This Was the Battle That Crushed Nazi Germany Forever

This Was the Battle That Crushed Nazi Germany Forever

In April 1945, as the Allies encircled Nazi Germany from all sides, the "thousand year" Reich was about to expire.

The attack literally bogged down, the tanks finding the marshy ground almost too soft for their tracks. Slowed, they made tempting targets—almost sitting ducks—for the well-served German artillery, particularly the rightly feared 88, one of the best antitank guns of the war. Tank after tank was knocked out, but the Russian infantrymen pressed forward shouting their distinctive “Urrah!” cheers. Any T-34s that survived the 88s were taken out by fire from the panzerfaust—the German bazooka.

The Russian advance stalled, much to Zhukov’s embarrassment and chagrin. There was nothing left to do but press on, even at the cost of more and more casualties. Zhukov was even more upset by the realization that his rival Konev’s First Ukrainian Front was making good progress in the south. In fact, by the 17th Stalin was more than happy to give Konev the green light to swing around and take Berlin from the south. Even Rokossovsky’s Second White Russian Front, which was protecting Zhukov’s northern flank and taking on General von Manteuffel’s Third Panzer Army, was making slow, if steady, progress.

Manteuffel had his hands full but managed to fight on until April 25, when the Russians finally broke through. The fighting was so intense that some Russian soldiers found their way into Manteuffel’s headquarters where they managed to kill four of his staff and wounded four more. The general personally shot one Russian and dispatched another with a trench knife. Small but gutsy, von Manteuffel also risked his life doing reconnaissance flights in a Storch light airplane.

In the end nothing could stop Rokossovsky’s drive north. Manteuffel and what remained of his Third Panzer Army retreated to Mecklenburg to avoid annihilation. They later surrendered to the Americans.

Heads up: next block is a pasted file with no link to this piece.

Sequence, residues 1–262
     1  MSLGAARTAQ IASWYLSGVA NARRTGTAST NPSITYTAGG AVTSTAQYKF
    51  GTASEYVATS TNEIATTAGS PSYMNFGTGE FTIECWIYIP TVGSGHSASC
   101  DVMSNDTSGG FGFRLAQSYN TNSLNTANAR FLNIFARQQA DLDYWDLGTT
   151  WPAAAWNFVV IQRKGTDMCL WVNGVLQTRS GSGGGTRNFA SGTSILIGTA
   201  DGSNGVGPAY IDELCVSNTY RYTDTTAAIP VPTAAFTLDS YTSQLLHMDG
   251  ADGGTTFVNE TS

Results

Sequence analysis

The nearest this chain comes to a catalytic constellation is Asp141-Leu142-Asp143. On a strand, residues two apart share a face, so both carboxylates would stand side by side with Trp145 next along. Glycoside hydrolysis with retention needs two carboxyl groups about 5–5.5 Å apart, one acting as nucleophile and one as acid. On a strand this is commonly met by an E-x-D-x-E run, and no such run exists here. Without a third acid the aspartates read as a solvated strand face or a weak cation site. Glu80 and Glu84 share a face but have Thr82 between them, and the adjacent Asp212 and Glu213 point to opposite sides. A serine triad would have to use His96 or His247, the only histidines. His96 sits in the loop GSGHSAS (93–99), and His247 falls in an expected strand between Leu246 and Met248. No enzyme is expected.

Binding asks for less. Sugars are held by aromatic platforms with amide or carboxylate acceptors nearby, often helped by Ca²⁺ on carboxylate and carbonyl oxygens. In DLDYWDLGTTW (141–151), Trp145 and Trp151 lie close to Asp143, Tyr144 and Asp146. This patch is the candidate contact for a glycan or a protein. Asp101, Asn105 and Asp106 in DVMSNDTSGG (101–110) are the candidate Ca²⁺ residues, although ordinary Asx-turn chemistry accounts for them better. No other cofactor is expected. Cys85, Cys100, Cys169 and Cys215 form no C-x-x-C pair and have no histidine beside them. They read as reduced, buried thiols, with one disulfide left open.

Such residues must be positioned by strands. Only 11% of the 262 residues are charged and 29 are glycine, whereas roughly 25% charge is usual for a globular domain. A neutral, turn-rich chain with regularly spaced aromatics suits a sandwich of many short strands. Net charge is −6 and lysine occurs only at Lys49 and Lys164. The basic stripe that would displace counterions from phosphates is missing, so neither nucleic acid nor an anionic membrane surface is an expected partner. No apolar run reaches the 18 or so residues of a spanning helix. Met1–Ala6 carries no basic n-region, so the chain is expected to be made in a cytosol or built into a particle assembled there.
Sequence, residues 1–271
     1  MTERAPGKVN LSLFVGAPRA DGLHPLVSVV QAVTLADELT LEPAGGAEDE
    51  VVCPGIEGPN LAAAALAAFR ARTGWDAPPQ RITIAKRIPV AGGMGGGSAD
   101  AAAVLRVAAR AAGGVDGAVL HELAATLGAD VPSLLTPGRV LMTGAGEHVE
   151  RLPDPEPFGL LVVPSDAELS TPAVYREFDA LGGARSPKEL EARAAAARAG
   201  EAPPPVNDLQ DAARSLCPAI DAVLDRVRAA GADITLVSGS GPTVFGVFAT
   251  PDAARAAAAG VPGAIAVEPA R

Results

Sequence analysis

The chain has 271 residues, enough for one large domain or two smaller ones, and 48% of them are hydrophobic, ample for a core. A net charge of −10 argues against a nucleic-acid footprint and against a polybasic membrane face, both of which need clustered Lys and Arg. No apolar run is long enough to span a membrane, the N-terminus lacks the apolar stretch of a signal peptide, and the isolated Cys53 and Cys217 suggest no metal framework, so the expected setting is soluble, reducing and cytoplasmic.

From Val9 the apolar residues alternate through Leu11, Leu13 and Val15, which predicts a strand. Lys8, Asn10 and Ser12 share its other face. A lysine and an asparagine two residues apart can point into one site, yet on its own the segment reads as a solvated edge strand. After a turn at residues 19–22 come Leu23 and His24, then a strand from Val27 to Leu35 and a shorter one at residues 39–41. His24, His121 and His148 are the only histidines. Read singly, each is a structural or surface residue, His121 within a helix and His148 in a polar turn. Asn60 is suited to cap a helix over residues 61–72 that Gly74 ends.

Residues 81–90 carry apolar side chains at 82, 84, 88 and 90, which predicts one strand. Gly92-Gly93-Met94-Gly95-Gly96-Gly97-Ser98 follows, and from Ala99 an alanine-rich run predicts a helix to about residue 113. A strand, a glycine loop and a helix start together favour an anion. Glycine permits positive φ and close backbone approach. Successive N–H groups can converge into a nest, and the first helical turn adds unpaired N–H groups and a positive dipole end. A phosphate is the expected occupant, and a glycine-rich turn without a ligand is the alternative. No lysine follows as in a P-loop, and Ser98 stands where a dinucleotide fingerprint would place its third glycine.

Meanwhile, Konev’s advance in the south was so rapid it threatened the OKH command center in Zossen. General Hans Krebs, chief of the Army General Staff, was ordered to move the command center to a Luftwaffe air base not far from Potsdam. It was just in the nick of time because, not long after the German staff left, the Russians roared in on their tanks.

 

The “Ivans” could scarcely believe their eyes—there were two huge camouflaged complexes, Maybach I and Maybach II, with elaborate banks of telephones and teleprinters that could send and receive messages from far-flung Wehrmacht commands. This was the nerve center, the “brain” of the German Army and even as the Russians were shown around by an accommodating caretaker messages were coming in. The phone rang, and a Russian soldier answered it. On the other end of the line was a German general who asked, “What is happening there?” Bemused, the Russian said, “Ivan is here—go to Hell!”

Busse’s Ninth Army held out as long as it could, but it, too, had to give way. A portion of it fell back into Berlin, while the rest was surrounded and sealed off in a pocket in the Spree Forest; some soldiers managed to break out and surrender to the Americans. Once organized resistance was broken outside Berlin, it was only a matter of time before the Russians took the German capital.

The Seelow Heights defenders managed to hold for another two days, much to Zhukov’s frustration. The Russians, furious at the delays, attacked again and again with suicidal abandon. One German officer reported, “They come at us in hordes, in wave after wave, without regard to loss of life. We fire our machine guns often at point-blank range until they turn red hot. My men are fighting until they simply run out of ammunition. Then they are simply wiped out or completely overrun.”

There was nothing subtle about this kind of warfare. The Russians simply overwhelmed the defense by sheer weight of numbers. The Seelow Heights were finally taken on April 19, but not before the Russians lost an estimated 30,000 men and well over 700 tanks. But to Zhukov, it was worth it. There were a few scattered German units here and there, but essentially the road to Berlin was now wide open.

On April 20, Zhukov reported that the “long-range artillery of the 79th Rifle Corps of the 3rd Shock Army opened fire on Berlin. The guns were firing at extreme range and only the suburbs were hit.” The next day the 3rd Shock Army, 2nd Guards Tank Army, and 47th Army—all Zhukov formations—reached the outskirts of the city. The 1st and 2nd Guards Armies were given the “historic task to break into Berlin first and to raise the banner of victory.”

In essence two giant pincers—one from Zhukov, the other from Konev—were enveloping Berlin. Soon the pincers would become jaws, crushing and grinding the city between them. Hitler, still fantasizing, envisioned a counterattack that would involve SS Gruppenführer Felix Steiner and his Operational Group Steiner. In theory, Steiner and some other units would attack the northern pincers, but it came to nothing when Steiner reported that he simply did not have the men or equipment for such an attack.